Many kids equate school with prison. I know, it’s harsh. Their dread conjures images of rectangular torture chambers filled with rows of desks, complete with a ball and chain to hold each of them in their assigned seats. Movies like “Matilda” bring this idea to life, with the imposing, larger-than-life dictator, Mrs. Trunchbull threatening to put misbehaved or inattentive students into the Chokey.
That medieval torture chamber is sure to leave scars, both physically and mentally. Sadly, while the imagery in “Matilda” is exaggerated, school expectations are not that far off. Students are treated as little soldiers, expected to sit quietly in an assigned seat, listen, take notes, and repeat the information back to the teacher. This traditional classroom environment does little to honor students’ creativity or diversity.
Despite the incredible innovation that has taken place since 1830, when Horace Mann first introduced our modern public schools in Massachusetts, very little has changed in the classroom and how students are taught. Meanwhile, quite a bit has changed as far as the diversity of the student body.
Not only are students from many different racial and economic backgrounds, but they are also comfortable talking about gender identities and sexual preferences. It’s wonderful—never before have students been more comfortable to be themselves and to accept each other’s differences. The question is how can we, as teachers, honor this diversity and these differences, all while encouraging creativity?
The answer is choice.
My studies in motivation, while I was doing research for my Master’s degree at Buffalo State College, revealed through the writings of Teresa Amabile and Beth Hennessy that the key to student engagement is intrinsic motivation: students doing work for the interest in subject matter rather than the grade. One of the best ways to tap into intrinsic motivation and encourage creativity is to give students choices. Choices honor diversity by allowing students to pursue their own interests. Those interests may or may not reflect their diversity, but giving them these choices empowers them to decide how they want to engage in the subject matter. Their creativity may emerge both in their choices and in how those choices relate to the subject at hand. Here are some examples:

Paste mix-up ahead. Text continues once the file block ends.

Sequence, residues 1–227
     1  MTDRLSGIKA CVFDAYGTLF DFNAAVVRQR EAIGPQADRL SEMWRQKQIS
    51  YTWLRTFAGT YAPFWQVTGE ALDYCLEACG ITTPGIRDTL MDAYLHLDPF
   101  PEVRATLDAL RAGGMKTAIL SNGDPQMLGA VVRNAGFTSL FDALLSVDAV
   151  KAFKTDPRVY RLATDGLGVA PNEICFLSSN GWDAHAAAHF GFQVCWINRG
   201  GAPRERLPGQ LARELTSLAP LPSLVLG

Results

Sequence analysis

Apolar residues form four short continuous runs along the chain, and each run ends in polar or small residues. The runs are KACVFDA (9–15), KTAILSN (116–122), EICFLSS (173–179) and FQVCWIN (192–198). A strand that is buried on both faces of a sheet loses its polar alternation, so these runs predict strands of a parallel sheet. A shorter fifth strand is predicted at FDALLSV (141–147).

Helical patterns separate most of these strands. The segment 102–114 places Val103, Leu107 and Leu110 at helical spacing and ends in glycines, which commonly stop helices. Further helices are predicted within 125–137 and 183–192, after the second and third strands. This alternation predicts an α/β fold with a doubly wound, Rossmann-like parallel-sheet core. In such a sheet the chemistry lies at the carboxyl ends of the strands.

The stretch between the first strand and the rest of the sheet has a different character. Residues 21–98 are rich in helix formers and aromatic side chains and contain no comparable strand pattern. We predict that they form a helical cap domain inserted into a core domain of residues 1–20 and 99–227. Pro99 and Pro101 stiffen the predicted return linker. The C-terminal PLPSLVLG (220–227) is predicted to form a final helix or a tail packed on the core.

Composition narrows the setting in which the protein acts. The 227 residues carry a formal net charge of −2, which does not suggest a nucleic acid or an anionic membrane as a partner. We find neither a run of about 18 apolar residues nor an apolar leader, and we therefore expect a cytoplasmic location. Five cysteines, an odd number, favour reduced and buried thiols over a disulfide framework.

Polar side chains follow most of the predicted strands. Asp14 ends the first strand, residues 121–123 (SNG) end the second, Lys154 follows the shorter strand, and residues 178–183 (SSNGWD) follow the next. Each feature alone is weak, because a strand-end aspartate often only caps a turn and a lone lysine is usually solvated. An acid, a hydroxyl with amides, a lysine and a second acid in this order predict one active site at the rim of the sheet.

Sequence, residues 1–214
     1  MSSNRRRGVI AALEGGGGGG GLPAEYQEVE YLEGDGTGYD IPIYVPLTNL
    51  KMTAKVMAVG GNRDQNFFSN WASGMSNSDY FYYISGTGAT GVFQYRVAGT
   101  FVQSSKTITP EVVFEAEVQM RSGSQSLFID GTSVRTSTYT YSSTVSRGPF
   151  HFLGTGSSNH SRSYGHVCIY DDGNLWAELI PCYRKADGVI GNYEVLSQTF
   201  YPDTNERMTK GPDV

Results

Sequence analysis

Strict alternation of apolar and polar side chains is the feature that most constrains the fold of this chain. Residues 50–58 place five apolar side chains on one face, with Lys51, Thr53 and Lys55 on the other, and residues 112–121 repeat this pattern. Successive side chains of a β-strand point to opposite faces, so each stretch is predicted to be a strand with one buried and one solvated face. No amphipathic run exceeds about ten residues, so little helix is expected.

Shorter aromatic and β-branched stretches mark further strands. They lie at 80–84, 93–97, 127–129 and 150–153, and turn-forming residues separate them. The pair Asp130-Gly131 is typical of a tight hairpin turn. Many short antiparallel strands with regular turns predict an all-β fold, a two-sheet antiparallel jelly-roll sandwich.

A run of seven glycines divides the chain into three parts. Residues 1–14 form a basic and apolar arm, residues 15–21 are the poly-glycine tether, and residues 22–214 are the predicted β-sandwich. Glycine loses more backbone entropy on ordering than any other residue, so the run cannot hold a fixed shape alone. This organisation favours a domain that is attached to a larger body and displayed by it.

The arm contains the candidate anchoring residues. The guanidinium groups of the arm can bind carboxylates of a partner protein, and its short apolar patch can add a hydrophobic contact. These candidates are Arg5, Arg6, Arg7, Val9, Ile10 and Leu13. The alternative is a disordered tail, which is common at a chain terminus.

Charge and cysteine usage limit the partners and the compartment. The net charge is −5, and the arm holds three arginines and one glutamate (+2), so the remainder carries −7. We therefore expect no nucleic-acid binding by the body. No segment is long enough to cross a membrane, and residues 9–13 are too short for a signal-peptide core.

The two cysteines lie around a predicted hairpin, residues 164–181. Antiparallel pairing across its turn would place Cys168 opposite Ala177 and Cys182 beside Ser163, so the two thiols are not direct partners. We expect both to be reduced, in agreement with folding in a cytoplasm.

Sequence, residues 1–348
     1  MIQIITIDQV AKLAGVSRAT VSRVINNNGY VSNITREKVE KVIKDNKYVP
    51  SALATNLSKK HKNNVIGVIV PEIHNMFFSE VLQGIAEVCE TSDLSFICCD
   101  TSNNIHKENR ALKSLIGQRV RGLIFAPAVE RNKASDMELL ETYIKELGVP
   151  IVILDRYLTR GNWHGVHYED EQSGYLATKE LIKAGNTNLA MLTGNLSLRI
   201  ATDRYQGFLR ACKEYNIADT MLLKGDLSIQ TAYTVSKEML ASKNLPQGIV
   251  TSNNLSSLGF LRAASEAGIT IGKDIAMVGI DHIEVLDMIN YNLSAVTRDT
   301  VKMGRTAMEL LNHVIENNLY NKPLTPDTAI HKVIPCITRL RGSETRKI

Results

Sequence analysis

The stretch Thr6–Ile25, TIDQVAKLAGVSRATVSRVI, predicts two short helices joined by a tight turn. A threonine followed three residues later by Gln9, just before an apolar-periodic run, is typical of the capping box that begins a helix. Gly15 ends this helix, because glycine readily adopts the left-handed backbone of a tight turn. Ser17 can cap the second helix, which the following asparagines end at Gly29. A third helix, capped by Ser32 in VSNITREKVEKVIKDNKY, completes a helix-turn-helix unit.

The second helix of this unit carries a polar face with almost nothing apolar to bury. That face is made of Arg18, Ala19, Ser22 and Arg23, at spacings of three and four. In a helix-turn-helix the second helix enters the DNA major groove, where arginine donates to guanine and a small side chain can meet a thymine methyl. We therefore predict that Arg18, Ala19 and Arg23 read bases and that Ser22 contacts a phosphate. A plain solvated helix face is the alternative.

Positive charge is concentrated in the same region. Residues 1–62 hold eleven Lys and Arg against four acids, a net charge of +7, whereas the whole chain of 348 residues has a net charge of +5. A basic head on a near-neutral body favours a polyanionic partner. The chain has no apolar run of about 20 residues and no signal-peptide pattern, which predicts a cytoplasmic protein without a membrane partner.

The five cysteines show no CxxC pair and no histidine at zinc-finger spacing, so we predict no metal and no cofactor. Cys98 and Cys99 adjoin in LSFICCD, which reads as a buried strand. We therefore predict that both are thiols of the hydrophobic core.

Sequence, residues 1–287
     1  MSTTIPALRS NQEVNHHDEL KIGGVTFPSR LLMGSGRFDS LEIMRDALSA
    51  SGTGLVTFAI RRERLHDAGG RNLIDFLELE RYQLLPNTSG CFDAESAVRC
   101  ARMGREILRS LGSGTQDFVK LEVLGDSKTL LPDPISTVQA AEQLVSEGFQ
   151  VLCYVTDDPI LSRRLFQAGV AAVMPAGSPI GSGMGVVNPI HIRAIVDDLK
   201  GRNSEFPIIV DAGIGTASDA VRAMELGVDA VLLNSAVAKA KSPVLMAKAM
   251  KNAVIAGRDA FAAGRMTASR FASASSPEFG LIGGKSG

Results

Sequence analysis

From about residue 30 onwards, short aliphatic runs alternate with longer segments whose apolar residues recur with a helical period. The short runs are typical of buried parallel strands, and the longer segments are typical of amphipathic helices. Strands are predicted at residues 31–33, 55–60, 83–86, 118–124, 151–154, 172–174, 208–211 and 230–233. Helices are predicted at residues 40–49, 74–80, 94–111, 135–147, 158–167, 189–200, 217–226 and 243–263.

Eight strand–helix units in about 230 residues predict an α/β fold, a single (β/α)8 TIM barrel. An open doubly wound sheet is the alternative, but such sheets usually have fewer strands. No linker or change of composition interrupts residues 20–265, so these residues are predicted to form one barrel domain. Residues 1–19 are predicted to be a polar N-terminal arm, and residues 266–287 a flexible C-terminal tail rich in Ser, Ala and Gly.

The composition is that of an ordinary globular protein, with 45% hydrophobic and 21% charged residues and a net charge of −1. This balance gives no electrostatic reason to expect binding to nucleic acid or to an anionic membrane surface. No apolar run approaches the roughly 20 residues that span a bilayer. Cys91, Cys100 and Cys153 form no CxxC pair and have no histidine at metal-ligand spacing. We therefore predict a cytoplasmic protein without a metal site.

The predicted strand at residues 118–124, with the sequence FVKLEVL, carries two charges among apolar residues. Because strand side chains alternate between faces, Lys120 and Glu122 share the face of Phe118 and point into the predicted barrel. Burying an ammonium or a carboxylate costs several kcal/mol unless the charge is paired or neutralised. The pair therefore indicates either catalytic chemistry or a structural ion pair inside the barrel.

Using Bill and Ted’s Excellent Adventure as a prompt, have them select people from history and decide what professions they’d have in modern-day and explain why.
Have them cast celebrities in roles from a book or play they are reading. They should be encouraged to cast characters of different races, genders, and ages and then explain the characteristics that make each person perfect for the part.
Have them create a PSA (Public Service Announcement) about “what would make the world a better place” or “something they wish people knew.”
Other ways to embrace diversity and give students choices is by creating project options that align with Howard Gardner’s Multiple Intelligences. I acknowledge that studies may not support Gardner’s theory with empirical evidence; however, when viewed as categories of intrinsic interest, it is an excellent springboard for project ideas. In the book You’re Smarter Than You Think, author Thomas Armstrong presents lots of ways to engage the intelligence—interest—in each student, along with ways to build strengths in areas outside of that natural intelligence or interest. Here are some general project ideas that can be tailored to a content area: